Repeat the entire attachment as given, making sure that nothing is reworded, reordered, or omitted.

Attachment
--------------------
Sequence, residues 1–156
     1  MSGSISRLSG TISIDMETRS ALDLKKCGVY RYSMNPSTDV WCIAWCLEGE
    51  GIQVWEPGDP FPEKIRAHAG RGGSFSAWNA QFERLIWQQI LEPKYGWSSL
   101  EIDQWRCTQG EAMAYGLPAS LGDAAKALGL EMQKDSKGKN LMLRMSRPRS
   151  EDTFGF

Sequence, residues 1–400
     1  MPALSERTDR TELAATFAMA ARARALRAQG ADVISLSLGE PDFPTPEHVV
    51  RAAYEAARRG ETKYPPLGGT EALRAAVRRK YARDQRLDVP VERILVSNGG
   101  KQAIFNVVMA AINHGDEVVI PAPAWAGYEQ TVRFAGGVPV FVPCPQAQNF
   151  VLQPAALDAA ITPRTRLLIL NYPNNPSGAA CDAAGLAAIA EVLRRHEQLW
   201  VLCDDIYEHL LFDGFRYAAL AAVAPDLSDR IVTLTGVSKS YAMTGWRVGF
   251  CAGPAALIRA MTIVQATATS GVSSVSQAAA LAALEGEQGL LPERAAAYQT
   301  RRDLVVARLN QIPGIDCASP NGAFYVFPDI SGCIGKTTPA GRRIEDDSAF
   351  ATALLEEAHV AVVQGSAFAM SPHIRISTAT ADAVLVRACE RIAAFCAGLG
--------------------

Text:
Sequence, residues 1–156
     1  MSGSISRLSG TISIDMETRS ALDLKKCGVY RYSMNPSTDV WCIAWCLEGE
    51  GIQVWEPGDP FPEKIRAHAG RGGSFSAWNA QFERLIWQQI LEPKYGWSSL
   101  EIDQWRCTQG EAMAYGLPAS LGDAAKALGL EMQKDSKGKN LMLRMSRPRS
   151  EDTFGF

Sequence, residues 1–400
     1  MPALSERTDR TELAATFAMA ARARALRAQG ADVISLSLGE PDFPTPEHVV
    51  RAAYEAARRG ETKYPPLGGT EALRAAVRRK YARDQRLDVP VERILVSNGG
   101  KQAIFNVVMA AINHGDEVVI PAPAWAGYEQ TVRFAGGVPV FVPCPQAQNF
   151  VLQPAALDAA ITPRTRLLIL NYPNNPSGAA CDAAGLAAIA EVLRRHEQLW
   201  VLCDDIYEHL LFDGFRYAAL AAVAPDLSDR IVTLTGVSKS YAMTGWRVGF
   251  CAGPAALIRA MTIVQATATS GVSSVSQAAA LAALEGEQGL LPERAAAYQT
   301  RRDLVVARLN QIPGIDCASP NGAFYVFPDI SGCIGKTTPA GRRIEDDSAF
   351  ATALLEEAHV AVVQGSAFAM SPHIRISTAT ADAVLVRACE RIAAFCAGLG